by Kip Hanson
Why smart shops need to get their data-driven manufacturing house in order
If you’re a machinist, programmer, or manufacturing engineer, stop for a minute and think about all of the data needed to do your job. There’s cutting tool related information, such as tool nose radii and cutter diameters, carbide grades, helix angles, and insert geometry. Workpiece data is also necessary, including the dimensions of the raw stock and the finished part, and the recommended speeds, feeds, and depths of cut for each material.
Toolholder and workholding dimensions are required, as well as the kinematics of the machine tool. Tool crib people need to know what inserts and spare parts to stock, programmers need to know what tools are available and which toolpaths are appropriate for them, and machinists have to know what tool goes where and what operation it will perform. It’s a lot of stuff to keep track of.
De-duplicate or die
To remain competitive, smart shops must learn to manage this information, leveraging it to achieve better part quality, reduced tooling costs and setup times, and greater efficiency on the production floor. The problem here is that, quite often, each of these data groups reside in completely different areas. Tooling catalogs, Excel spreadsheets, note cards, and disparate software systems—sometimes these islands of information talk to one another, but many times they don’t, in which case duplicate and often conflicting data exists.
One company specializing in accurate manufacturing information is MachiningCloud GmbH. Since 2013, the Swiss company has collaborated with a network of tooling providers to publish cloud-based dimensional data for use in CAD/CAM, tool management, and machining simulation software systems. Managing director Chuck Mathews says the company is on the verge of launching a completely new venture: adding application advice to its already extensive database of dimensional tooling data.
“The CAD model problem has largely been solved,” he says. “But with literally millions of constantly evolving cutting tool products, grades, and geometries to choose from, it’s not easy to know what works best in any given situation—which tool to use, how fast to run it, the proper grade for a given material. Shop people tend to bounce around from website to website until they find what they need. It’s pretty hit and miss.”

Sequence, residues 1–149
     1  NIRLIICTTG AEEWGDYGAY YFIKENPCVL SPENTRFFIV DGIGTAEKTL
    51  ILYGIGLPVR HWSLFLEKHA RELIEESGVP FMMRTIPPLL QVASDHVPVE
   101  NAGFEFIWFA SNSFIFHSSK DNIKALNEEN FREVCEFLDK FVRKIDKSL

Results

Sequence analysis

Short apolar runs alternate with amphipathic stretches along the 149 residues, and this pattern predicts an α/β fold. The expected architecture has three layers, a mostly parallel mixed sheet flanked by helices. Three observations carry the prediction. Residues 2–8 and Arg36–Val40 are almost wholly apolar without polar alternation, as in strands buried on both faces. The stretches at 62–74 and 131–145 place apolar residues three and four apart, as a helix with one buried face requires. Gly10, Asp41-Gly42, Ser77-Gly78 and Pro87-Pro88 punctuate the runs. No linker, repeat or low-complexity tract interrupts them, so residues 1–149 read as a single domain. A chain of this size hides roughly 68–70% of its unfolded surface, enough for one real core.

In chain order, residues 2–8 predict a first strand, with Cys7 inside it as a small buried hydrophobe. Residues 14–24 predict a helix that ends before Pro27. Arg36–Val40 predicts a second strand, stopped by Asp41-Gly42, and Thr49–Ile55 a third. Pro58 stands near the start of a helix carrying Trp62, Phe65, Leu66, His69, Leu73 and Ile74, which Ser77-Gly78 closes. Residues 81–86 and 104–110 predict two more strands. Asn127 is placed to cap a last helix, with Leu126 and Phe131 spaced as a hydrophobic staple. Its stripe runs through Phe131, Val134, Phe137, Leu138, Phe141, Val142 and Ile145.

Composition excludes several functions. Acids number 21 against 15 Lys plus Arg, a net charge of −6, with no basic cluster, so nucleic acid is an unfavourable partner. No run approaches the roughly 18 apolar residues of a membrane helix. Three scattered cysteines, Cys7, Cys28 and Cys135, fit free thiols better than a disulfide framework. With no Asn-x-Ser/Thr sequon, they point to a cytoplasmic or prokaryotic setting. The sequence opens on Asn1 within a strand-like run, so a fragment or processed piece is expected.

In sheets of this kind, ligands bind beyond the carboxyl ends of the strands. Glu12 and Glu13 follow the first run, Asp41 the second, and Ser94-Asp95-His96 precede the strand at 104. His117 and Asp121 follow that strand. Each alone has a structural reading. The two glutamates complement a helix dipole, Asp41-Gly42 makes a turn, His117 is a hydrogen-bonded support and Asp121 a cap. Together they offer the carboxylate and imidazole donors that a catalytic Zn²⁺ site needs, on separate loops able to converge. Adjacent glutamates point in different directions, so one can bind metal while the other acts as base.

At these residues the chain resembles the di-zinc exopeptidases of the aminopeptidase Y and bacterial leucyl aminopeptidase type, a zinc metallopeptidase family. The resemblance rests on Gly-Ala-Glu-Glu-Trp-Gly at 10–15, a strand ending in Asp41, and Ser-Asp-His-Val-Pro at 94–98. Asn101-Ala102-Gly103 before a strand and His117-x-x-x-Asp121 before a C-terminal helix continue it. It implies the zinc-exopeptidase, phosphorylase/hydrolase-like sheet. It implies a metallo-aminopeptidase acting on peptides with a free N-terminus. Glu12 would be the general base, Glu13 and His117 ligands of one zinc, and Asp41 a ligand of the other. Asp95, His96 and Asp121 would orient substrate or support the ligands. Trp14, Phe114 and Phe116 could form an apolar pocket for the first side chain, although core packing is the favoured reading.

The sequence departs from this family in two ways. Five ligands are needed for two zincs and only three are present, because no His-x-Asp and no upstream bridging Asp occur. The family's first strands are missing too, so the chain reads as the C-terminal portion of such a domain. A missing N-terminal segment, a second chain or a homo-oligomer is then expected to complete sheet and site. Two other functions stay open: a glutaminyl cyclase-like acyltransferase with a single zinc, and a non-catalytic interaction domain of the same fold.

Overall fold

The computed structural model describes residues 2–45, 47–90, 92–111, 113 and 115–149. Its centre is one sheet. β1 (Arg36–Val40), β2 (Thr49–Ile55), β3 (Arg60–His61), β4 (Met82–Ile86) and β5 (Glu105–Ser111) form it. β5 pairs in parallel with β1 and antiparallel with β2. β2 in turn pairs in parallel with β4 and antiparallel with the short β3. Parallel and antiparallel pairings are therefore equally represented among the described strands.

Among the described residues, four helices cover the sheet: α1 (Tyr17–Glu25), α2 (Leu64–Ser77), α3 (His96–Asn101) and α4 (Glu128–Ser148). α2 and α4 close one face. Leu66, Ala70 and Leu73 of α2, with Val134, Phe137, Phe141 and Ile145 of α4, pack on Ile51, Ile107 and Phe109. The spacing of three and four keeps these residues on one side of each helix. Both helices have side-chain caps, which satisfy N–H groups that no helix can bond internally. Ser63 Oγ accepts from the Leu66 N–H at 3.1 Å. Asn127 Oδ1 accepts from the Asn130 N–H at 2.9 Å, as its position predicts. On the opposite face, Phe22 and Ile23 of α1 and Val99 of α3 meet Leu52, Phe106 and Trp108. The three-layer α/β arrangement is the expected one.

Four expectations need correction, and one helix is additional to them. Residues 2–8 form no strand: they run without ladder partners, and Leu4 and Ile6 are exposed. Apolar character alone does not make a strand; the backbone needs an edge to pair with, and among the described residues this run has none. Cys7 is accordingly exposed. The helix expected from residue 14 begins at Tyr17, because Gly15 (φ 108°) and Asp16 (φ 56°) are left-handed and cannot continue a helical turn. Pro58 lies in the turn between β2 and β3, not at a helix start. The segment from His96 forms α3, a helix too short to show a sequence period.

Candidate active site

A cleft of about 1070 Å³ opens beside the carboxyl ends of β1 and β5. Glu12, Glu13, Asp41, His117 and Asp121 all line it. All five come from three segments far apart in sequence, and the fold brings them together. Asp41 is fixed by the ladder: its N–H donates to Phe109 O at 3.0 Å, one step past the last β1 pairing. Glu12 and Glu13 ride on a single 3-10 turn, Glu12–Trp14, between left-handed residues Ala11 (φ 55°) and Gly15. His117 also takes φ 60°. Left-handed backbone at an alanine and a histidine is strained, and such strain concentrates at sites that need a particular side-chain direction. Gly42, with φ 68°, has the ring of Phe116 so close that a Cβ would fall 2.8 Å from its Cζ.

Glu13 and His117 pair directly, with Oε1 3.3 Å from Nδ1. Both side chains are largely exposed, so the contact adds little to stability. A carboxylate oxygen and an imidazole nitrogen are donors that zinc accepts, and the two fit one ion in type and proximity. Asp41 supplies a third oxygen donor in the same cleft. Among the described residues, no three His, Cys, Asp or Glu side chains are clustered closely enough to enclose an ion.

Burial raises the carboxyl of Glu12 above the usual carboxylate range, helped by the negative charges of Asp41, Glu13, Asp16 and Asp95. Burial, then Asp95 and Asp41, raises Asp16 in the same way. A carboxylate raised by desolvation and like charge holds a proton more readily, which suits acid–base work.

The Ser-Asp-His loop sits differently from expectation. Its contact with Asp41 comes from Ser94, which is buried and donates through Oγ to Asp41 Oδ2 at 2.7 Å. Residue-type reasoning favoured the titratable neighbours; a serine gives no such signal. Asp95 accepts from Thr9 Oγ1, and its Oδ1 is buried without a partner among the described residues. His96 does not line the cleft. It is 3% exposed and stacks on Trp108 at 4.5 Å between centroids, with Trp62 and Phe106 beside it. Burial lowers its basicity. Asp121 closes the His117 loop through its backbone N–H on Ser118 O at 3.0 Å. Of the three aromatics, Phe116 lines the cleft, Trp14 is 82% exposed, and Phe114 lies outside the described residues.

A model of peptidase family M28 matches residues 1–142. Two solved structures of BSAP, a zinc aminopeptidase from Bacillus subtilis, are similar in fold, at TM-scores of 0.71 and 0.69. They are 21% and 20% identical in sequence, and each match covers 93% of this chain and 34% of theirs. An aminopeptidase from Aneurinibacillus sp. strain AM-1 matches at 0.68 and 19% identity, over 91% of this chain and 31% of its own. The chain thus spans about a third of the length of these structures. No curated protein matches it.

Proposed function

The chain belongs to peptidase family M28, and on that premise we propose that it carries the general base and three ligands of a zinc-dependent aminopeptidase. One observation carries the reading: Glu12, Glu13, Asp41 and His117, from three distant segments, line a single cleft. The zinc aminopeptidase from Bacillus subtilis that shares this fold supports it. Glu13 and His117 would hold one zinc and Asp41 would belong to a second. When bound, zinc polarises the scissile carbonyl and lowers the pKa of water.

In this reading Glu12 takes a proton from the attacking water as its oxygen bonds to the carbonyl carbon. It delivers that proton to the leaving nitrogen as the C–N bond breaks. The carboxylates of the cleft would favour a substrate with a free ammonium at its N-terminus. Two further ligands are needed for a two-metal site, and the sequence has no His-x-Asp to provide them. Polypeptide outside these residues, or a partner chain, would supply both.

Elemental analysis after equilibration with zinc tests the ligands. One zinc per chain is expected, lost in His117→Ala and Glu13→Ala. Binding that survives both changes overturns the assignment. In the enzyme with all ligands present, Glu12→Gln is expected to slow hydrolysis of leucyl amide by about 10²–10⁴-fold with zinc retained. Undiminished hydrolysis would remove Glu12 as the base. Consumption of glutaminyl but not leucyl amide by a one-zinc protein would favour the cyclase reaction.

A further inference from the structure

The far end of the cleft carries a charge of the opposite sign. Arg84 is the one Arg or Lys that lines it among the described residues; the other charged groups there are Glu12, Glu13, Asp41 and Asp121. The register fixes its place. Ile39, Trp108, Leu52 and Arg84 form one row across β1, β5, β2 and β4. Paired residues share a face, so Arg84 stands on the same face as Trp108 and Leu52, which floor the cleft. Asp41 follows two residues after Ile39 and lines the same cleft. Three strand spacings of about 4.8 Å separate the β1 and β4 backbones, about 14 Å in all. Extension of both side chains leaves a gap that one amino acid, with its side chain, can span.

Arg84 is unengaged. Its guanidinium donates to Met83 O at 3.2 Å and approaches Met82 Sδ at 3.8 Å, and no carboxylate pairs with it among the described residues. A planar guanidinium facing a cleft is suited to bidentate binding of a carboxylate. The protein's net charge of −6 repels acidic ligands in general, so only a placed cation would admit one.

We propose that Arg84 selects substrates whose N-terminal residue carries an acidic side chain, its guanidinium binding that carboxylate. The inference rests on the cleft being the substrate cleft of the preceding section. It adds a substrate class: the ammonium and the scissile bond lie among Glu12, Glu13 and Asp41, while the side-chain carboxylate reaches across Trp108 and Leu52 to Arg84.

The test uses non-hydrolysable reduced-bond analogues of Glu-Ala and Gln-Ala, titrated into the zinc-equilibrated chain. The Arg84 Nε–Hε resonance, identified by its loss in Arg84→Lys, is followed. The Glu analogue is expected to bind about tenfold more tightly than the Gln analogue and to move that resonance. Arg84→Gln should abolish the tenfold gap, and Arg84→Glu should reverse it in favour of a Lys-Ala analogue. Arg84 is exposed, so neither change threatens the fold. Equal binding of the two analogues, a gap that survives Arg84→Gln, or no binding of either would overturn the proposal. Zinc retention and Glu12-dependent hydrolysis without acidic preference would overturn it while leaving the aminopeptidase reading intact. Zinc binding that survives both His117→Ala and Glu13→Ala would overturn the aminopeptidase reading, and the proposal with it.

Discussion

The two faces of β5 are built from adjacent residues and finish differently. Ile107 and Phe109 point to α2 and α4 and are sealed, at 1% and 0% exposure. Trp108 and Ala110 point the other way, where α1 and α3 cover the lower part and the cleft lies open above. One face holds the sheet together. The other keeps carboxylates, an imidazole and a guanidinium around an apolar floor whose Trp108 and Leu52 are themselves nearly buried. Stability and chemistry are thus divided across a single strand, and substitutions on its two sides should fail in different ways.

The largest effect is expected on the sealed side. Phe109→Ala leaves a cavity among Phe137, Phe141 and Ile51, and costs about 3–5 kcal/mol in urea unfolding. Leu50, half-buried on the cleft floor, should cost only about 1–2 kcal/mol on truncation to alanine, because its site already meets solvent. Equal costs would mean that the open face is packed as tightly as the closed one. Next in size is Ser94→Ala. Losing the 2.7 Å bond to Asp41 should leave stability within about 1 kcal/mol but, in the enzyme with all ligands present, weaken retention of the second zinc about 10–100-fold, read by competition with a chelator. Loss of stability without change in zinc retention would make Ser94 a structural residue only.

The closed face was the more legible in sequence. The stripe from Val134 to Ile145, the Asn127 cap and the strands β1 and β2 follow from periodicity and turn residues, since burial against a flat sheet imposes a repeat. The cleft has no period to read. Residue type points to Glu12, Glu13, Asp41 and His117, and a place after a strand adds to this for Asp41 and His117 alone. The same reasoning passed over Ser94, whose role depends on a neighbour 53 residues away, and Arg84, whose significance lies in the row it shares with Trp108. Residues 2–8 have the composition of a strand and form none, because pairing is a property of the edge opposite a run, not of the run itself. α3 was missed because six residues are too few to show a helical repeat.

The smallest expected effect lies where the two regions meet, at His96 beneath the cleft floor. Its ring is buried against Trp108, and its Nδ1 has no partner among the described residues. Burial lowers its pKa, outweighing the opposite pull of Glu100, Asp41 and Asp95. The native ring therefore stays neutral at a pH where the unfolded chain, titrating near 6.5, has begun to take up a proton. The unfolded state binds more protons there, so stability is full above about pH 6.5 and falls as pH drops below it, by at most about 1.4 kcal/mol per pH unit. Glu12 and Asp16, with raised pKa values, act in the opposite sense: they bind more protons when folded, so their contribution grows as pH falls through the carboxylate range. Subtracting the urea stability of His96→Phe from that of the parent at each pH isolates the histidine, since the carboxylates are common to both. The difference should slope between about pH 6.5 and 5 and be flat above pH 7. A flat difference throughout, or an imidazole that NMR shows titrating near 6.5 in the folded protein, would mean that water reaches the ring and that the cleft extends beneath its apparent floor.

According to Mathews, hit and miss will be a thing of the past come September, when MachiningCloud officially launches its new metadata services at IMTS. He says, however, there are already 20,000 early adopters using the product. “We want to have one central location where manufacturing folks can click the mouse a few times and download all of the information needed to do their jobs. Not only the cutter assemblies and stick tools, but also the usage information, with recommended cut depths, feeds and speeds, radial engagement amounts, and so on. It saves a lot of time.”
Up until now, MachiningCloud has been free of charge to subscribers. That is likely to change with the rollout. Mathews is unable to share actual figures, but says the fee will be nominal, and will be easily offset by the estimated 75 per cent reduction in programming time, based on a job with 20 tools.
Most in the industry would agree that shops need to manage their data effectively, but not everyone concurs on the best way to do it. Daniel Remenak, product manager for GibbsCAM at 3D Systems Inc., Rock Hill, SC, says the company has developed its own network of industry partnerships. “We distribute the Sandvik Adveon catalog product with our software, and we’re also partners with Zoller, which manufactures tool presetting machines and has its own onboard software. And TDM Systems, of course, is a leader in tool management systems (TMS).”
With all these software systems, the question becomes which is the master? According to Remenak, it’s all of them “When you’re talking about tooling data, the TMS will always be the master. For programming data, the CAM system is the master. And for part data, the CAD system is in charge.”
For those shops that have neither TMS software nor a tool presetter, the CAM system is often tasked with housing everything. As Remenak points out, however, that’s not its primary function. “CAM systems are mostly concerned with tool geometry and the specific metadata associated with how that tool is loaded in a particular machine, the tool ID and offset numbers, that sort of thing. It can be a challenge to cram everything needed for manufacturing into most CAM packages.”
Much of the industry remains behind the data-driven manufacturing curve, Remenak says. “What we see is that people have specific problems and then they look for solutions that solve those problems. If you have a problem with tool offsets, maybe you’ll look into presetters. If you have a problem with crashes, you’ll look into simulation. A lot of shops that don’t run into those problems or don’t realize there are better ways of doing things, which is maybe even worse, will never invest in those technologies.”
Let’s shake hands